Government coronavirus plan 'is working' but it's too early to relax lockdown, Raab says
14 April 2020, 08:27 | Updated: 14 April 2020, 08:31
The UK is "starting to win" the battle against Covid-19 but the countrywide lockdown will not be lifted this week.
Dominic Raab has insisted Government plans to tackle the coronavirus pandemic "is working" three weeks after Boris Johnson imposed restrictions.
But he insisted the virus was not yet past its peak and that it was "far too early" to talk about relaxing the measures, with reports suggesting the lockdown will be extended for at least another three weeks.
But one expert has warned the public will need to hear how the Government plans to help halt the lockdown.
Details of the UK's exit strategy from the lockdown are currently unclear after the Government repeatedly refused to outline its plans for ending the measures.
The Government's scientific advisers are expected to meet this week to review the latest figures, but Mr Raab insisted it was crucial that "we do not take our eye off the ball" with regards to social distancing.
The news comes as the World Health Organisation said restrictions should be lifted slowly and not "all at once" to avoid a resurgence of the virus, and only if appropriate measures are in place, including "significant" capacity for contact tracing.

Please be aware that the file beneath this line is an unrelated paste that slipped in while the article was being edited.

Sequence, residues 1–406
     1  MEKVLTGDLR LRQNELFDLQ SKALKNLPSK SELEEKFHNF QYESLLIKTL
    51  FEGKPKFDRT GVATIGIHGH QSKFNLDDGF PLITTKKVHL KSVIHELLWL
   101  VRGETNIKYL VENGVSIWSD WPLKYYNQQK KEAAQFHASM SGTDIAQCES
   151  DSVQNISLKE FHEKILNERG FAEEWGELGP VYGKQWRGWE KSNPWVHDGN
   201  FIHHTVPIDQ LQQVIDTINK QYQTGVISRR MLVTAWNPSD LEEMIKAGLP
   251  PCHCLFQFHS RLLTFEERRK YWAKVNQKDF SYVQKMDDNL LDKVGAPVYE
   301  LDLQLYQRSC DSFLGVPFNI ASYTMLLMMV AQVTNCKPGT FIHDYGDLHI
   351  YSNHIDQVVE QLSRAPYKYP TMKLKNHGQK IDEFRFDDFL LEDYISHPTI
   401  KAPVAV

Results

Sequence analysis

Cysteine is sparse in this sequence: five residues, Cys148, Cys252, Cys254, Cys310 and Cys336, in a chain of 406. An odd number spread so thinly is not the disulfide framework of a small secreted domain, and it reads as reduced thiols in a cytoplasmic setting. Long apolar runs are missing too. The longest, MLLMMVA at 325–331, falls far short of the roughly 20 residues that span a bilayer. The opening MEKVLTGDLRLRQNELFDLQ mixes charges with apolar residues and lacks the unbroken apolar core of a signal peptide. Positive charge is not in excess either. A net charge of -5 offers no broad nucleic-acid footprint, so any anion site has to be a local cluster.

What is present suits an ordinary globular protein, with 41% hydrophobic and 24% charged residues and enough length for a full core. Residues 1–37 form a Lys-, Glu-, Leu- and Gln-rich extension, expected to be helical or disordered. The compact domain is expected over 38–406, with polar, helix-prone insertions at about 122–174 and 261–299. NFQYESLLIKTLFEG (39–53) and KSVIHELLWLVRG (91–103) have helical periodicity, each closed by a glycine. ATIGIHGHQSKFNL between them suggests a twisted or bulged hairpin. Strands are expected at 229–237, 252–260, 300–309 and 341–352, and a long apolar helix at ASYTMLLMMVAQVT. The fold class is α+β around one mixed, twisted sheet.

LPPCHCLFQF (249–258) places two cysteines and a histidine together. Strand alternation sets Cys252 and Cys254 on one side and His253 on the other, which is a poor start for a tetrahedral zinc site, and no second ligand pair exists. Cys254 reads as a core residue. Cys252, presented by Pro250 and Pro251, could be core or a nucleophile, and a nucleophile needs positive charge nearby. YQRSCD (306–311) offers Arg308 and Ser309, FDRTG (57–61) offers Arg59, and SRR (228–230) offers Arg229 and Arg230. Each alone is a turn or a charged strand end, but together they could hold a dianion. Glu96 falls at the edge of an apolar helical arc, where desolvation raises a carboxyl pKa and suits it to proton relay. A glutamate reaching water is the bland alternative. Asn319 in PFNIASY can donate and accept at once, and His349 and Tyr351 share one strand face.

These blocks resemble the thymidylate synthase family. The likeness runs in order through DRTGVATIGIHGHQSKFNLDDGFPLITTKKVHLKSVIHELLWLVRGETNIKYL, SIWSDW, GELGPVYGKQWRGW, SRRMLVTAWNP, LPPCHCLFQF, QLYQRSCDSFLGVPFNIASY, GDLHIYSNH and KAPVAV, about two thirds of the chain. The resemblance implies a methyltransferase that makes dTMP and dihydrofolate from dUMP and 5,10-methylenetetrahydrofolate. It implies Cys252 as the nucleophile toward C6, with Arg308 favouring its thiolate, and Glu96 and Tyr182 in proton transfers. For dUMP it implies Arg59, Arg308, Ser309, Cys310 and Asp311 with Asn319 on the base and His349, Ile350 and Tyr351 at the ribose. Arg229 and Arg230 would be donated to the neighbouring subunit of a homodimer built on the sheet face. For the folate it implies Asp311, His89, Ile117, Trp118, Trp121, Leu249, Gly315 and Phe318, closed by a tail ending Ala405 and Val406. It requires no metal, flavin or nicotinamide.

But experts have also warned that the public's strong support to stick to the lockdown measures "won't last" and the Government needs to find a way to tell the nation about how it will be eased.
Professor Linda Bauld, of the University of Edinburgh, said the public was now steeling itself for a continuation of the lockdown, amid an atmosphere where support for the measures remains high, compliance is generally good and concern about the virus is at the forefront of people's minds.
"But this won't last," she warned.
"The social, economic and health effects of lockdown are accumulating.
"There will come a tipping point when the cost of the current restrictions outweighs the benefits."
She added: "Sooner rather than later, government needs to share the possible options with the public and be transparent about the costs and benefits of each, rather than continually evading questions on this, as is currently the case."
The Government has also faced criticism over whether more lives could have been saved if the lockdown had been implemented earlier, as the Department for Health said 11,329 people had died in hospitals in the UK as of 5pm on Sunday, with many more expected in care homes.
It means the UK has more recorded deaths than any country except the US, Italy, Spain and France.
But Mr Raab rejected any "like-for-like" comparison with other countries, saying it depended on each nation's individual circumstances and how far along the coronavirus outbreak curve they were.
The Government also continues to face pressure over shortages of personal protective equipment (PPE) for frontline NHS staff, as a growing number of health workers died.
According to The Guardian, the UK missed three chances to be part of an EU scheme to bulk buy personal protective equipment (PPE) for health workers, with European medical staff set to receive the first of £1.3 billion-worth of PPE within days or a maximum of two weeks under the scheme.